As we experience the world, our brain manages to continually absorb new information even as it calls up memories and thoughts from within. The two processes seem to happen simultaneously. Thus, we are able to drive to the grocery store, recalling a familiar route, while processing fresh input about road conditions and that pedestrian who suddenly darted across the street. Now a team at the University of Texas at Austin has found evidence that in the brain's spatial system, this balancing act is accomplished via distinct electrical frequencies. The results also offer hints about how the brain compresses memories—that is, how we can recall an hours-long event in mere seconds.
The group, led by neuroscientist Laura Colgin, studied rats as the animals navigated a maze, recording electrical activity in the hippocampus, an area crucial for memory formation. The experiment focused on a type of hippocampal cell called place cells, which correspond to specific locations in space. In a rat, researchers can tell by which place cells are firing where the rat is in the maze—or what part of the maze the rat is thinking of.
As with all the brain's neurons, place cells produce electrical signals that oscillate in waves. In particular, past research suggests that when place cells encode spatial memories they produce theta waves, which operate on a relatively slow, long-wave frequency. Yet these theta oscillations do not work alone. They also contain shorter and more frequent gamma rhythms nested within them like folded accordion bellows. As each wave of electrical activity pops up at the gamma frequency, it conveys information nuggets to the interacting theta wave, effectively presenting a highlights reel relative to the longer theta wave.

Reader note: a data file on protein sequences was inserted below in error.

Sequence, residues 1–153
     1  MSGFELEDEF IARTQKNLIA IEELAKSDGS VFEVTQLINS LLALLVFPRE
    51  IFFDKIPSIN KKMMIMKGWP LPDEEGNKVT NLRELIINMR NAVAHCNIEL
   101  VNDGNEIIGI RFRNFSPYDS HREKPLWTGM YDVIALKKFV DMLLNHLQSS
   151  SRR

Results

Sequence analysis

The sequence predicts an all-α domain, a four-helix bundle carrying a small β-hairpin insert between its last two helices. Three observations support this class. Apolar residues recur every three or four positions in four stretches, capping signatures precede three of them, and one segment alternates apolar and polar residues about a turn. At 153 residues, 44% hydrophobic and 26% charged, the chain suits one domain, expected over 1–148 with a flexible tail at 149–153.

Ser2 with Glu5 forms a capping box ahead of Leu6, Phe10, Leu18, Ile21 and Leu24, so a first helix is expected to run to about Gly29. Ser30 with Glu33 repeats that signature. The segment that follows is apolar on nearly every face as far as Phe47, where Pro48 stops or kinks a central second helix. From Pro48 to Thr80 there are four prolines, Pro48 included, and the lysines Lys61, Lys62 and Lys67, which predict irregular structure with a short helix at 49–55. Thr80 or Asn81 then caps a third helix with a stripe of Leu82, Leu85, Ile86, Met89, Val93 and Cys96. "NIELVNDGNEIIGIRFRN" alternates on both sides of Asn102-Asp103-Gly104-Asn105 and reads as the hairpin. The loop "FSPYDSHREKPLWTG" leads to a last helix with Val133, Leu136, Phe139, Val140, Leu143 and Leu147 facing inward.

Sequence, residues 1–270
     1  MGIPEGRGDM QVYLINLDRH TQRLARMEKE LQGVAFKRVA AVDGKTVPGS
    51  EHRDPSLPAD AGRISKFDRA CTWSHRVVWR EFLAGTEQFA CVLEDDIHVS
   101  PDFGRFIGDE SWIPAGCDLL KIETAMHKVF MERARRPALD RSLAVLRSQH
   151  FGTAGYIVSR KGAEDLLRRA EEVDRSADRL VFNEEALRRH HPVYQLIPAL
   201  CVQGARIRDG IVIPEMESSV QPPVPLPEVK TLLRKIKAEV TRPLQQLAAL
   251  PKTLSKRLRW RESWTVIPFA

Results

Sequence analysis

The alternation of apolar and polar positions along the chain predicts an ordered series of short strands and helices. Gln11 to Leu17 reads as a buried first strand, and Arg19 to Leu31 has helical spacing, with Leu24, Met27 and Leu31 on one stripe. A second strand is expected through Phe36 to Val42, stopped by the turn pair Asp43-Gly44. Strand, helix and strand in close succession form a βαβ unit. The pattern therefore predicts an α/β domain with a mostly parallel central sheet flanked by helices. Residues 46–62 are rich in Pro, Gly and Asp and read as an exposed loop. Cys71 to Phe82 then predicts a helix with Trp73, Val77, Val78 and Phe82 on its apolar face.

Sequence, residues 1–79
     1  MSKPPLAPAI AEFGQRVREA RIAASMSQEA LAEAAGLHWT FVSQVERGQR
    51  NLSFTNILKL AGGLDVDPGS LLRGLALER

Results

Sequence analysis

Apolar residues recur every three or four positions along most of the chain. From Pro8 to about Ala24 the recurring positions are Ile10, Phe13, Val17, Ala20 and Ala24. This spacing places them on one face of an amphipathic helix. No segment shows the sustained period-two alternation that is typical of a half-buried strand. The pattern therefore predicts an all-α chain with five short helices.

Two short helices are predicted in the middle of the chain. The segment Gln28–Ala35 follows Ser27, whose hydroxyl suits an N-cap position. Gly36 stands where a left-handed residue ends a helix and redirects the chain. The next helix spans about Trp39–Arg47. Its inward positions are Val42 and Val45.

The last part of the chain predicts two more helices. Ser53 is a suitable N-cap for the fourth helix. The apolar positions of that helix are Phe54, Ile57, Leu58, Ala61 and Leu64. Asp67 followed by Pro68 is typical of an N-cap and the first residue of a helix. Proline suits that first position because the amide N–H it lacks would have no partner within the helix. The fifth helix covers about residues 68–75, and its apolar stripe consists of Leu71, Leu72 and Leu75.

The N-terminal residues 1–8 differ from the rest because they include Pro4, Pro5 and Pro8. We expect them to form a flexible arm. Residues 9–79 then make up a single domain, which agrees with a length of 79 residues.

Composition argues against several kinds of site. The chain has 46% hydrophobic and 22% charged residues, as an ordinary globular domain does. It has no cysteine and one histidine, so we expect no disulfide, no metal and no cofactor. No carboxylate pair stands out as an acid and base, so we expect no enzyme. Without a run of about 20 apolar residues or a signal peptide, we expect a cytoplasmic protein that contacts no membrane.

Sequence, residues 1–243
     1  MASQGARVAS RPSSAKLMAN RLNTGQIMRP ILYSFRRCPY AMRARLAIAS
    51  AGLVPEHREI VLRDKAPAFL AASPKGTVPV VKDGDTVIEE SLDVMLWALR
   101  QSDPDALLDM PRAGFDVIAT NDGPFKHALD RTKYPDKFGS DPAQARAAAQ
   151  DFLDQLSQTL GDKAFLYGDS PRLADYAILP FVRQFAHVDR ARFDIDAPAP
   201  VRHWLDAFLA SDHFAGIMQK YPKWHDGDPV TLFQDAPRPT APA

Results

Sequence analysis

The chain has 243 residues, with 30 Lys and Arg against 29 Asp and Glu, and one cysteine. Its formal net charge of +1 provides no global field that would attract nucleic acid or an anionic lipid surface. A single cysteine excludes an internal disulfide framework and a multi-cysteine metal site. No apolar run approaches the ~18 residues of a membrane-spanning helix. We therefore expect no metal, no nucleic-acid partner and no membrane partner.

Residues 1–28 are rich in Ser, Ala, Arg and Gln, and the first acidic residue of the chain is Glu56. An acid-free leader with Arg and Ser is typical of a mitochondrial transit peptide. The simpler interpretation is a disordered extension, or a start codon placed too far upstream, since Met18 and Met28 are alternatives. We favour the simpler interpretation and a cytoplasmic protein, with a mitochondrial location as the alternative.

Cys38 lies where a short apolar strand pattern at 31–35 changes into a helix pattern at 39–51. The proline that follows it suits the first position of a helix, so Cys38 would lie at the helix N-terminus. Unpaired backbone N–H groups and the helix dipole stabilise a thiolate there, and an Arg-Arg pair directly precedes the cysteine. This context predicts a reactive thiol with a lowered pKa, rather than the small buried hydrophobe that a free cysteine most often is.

In a 2009 study, Colgin and her colleagues described an additional level of theta-gamma complexity in the rat hippocampus. When the hippocampus communicated with a brain area relaying as-it-happens sensory information, the team saw theta signals supported by “fast” (60- to 100-hertz) gamma frequencies. A second, previously unappreciated set of “slow” (25- to 55-hertz) gamma rhythms seemed to be interacting with theta waves when the hippocampus swapped messages with brain areas that may replay memories or plan future movements.
In their current analysis, Colgin and her team found further evidence that fast gamma waves code new information and slow gamma waves retrieve memories. The researchers recorded place cell activity in seven rats as they negotiated a short track during three 10-minute sessions daily for several days. They found fast gamma signals when place cell activity matched the rats' actual location. Slow gamma activity showed up when place cell activity aligned with locations ahead of the rats' current position—perhaps reflecting the animals' memory and anticipation of the upcoming route.
The team also noticed that the length of track represented by place cells during each millisecond seemed to skyrocket when slow gamma rhythms took over, prompting speculation that another level of memory compression may exist within the theta-gamma code. This could explain how the brain is able to replay long events over mere seconds.
Not all experts are convinced by this interpretation. Brandeis University researcher John Lisman, an expert on the theta-gamma code, explains that such compression would require cells to fire faster than current biophysical estimates allow—although he praised Colgin's team for uncovering distinct functional roles for slow and fast gamma frequencies in the hippocampus.
Other scientists think the brain might indeed be capable of faster and more complex signaling than many models predict. Loren Frank, a neuroscience researcher at the University of California, San Francisco, is in this camp. He says the new finding reveals that “things associated with memory may be going on very, very quickly.”